Teaching in Transition, Discovery of Self
This is an unprecedented time to be a student. It is a remarkable time to be an educator. And, it is a somewhat disconcerting time to be a parent. The world is rapidly changing, and the social, economic, and demographic implications of this change are extraordinary. Our students are growing up in a world that will look much different when they enter adulthood than when their parents did. It is estimated that by the time a student today is 38 years old, he or she will have had 10-14 different jobs. If the trends from the past decade continue, the jobs that will be most in demand when today’s high school student enters the workforce did not exist when that student entered high school. At the same time, 15% of the school-age population that is educated in India represents a greater number than the entire United States workforce. While no one can accurately predict the future, it is prudent to anticipate that the pace of change that has defined the recent past will continue to shape the future.
What are the challenges for schools to prepare students for this future? In addition to creating a foundation of academic knowledge, it is incumbent upon schools to also strongly emphasize those skills that will be necessary in this rapidly changing world: critical thinking, collaborative leadership, creativity, entrepreneurship and initiative, written and oral communication, analysis, and problem solving. In a world characterized by the ubiquity of technology and automation, these skills are representative of what cannot be easily replicated. It is the goal of Trinity-Pawling to deliberately highlight these skills in the curriculum because they garner greater individualized value in college and career. None of these skills, however, will be useful, unless the student also develops a deep sense of self-awareness of their own gifts, talents, and potential. The critical job of the educator today, therefore, is to build the skills that will provide value for our students from a foundation of developing self-awareness and autonomy. I believe that Trinity-Pawling is distinctively and deliberately poised to prepare our students for an ever-changing world as leaders.
In a recent column in the New York Times, David Brooks wrote of the need for schools to help students channel their energy and focus toward emerging interests. His argument is that a learning culture driven by the prominence of the G.P.A. forces students to spread their energy and focus across a wide spectrum of areas, instead of challenging student interest toward an exploration of their passions. While schools today do not live in an “either-or” choice between emphasizing G.P.A. or individual student interests, I do believe that many schools do not do enough to help young people discover their gifts, talents, and passions. The learning environment at Trinity-Pawling guides students toward greater self-awareness through the relational trust that characterizes its community. Here, there is room for boys to explore interests and pursue passions in a learning environment that encourages healthy risks and supports them in this process.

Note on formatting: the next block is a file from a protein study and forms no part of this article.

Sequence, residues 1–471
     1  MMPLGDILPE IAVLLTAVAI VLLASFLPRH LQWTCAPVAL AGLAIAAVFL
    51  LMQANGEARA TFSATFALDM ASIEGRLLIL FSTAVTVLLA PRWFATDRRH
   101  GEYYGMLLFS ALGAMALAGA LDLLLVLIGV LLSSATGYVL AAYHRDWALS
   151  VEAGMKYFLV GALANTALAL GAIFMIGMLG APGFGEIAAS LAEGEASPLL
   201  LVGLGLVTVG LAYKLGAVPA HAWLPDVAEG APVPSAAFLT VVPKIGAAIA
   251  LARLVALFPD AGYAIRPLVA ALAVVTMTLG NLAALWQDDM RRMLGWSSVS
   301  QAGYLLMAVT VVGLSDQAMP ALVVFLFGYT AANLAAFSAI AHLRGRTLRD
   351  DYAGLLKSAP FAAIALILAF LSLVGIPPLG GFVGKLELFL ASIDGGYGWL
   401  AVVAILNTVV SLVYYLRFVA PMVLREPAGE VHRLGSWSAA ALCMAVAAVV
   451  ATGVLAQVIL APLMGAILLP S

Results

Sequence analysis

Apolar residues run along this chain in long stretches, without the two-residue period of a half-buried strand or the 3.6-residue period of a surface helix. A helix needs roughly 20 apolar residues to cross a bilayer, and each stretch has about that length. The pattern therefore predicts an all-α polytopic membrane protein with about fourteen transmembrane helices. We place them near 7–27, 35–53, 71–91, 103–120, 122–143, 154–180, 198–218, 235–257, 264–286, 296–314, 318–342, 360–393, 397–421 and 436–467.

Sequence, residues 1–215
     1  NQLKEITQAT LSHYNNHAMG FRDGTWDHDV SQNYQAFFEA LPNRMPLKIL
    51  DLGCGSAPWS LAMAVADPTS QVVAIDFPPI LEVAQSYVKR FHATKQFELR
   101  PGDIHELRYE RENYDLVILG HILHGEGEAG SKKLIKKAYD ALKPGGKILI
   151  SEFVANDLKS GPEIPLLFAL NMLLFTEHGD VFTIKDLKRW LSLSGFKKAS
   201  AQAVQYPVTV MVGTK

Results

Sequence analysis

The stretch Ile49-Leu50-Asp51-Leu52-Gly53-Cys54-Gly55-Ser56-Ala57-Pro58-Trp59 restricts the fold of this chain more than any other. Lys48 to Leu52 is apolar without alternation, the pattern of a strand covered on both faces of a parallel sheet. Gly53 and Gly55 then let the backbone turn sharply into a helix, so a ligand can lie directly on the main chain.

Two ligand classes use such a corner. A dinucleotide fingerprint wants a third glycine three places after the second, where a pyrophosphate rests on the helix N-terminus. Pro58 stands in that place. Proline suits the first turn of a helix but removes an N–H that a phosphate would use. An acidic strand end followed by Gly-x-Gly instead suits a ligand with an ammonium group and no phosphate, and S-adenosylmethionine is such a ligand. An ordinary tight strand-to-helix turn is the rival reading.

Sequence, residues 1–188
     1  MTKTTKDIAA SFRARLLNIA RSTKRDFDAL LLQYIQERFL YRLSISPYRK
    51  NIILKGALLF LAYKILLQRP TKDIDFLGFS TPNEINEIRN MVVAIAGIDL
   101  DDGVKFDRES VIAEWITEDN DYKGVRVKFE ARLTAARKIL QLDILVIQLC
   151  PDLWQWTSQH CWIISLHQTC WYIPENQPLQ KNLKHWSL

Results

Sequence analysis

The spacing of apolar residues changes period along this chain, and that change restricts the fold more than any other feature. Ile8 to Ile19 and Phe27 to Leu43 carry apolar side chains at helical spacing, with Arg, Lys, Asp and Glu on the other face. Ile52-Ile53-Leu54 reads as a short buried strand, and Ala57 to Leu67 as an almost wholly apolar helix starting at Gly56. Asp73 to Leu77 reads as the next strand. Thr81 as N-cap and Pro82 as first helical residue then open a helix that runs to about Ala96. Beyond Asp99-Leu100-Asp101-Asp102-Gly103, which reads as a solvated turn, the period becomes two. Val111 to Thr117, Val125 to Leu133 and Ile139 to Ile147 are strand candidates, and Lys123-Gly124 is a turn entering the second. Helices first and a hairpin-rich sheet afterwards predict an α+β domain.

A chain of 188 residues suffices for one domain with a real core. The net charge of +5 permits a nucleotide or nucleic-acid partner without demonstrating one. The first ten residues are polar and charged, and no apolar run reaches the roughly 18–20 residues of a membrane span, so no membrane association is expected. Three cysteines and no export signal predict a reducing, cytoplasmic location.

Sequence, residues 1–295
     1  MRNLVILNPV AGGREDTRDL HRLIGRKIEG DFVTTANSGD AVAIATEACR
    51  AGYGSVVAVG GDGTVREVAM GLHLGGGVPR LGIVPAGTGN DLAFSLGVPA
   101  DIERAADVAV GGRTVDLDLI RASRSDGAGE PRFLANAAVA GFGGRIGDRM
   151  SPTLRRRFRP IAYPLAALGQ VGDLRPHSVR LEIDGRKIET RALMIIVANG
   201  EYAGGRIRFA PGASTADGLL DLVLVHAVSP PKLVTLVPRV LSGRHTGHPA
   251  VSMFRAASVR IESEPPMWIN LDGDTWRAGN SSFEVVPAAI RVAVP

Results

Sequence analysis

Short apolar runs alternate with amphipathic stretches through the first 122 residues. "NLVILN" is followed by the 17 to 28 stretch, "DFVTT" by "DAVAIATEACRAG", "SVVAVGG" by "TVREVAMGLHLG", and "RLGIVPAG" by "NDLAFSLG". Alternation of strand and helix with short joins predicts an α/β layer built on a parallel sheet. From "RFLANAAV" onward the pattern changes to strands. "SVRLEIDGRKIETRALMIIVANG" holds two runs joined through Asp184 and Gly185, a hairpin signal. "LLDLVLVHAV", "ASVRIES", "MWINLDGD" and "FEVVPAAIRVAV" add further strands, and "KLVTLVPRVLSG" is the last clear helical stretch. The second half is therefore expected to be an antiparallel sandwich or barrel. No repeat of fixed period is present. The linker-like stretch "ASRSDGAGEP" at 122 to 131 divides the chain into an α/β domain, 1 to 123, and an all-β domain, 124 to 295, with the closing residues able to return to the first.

In the newly developed Practicum for Civic Leadership, Trinity-Pawling students will be afforded the time and resources to explore their interests on a deeper level, strengthening their foundation of self-awareness. Each rising senior is asked to ponder and select an area of personal interest they would like to pursue further. The School will help channel this exploration and, ideally, team each student with a mentor who has experience in this field. Each student will begin this independent exploration during the summer before his senior year. When he returns in the fall, the senior will be charged with creating an artifact that captures what he has learned through his exploration. For example, a boy interested in film may produce a screenplay; a boy interested in poetry may choose to create an anthology of original works; a boy interested in engineering may produce a schematic design for a new bridge; or, a boy interested in music may build his own instrument or piece of music. Students, in short, will be challenged to dig deep into an area of emerging interest so that they can discover something more about it and themselves.
In The Element, Sir Kenneth Robinson argues that self-discovery and self-awareness forge a skill set of productivity and maneuverability that will enable young people to better navigate the turbulent waters of the rapidly changing world. The “element,” according to Robinson, is “the meeting point between natural aptitude and personal passion.” People who are in “their element” are “doing the thing they love, and in doing it they feel like their most authentic selves….Being there provides a sense of self-revelation, of defining who they really are and what they’re really meant to be doing with their lives.” The Trinity-Pawling learning environment will continue to search for those spaces where a boy can immerse himself into self-awareness and discovery. In a culture in which girls outnumber boys in colleges by almost a margin of 20%, this type of discovery and awareness could be a game-changer in the life of a young man. As I said, it is an exciting time to be an educator at Trinity-Pawling!
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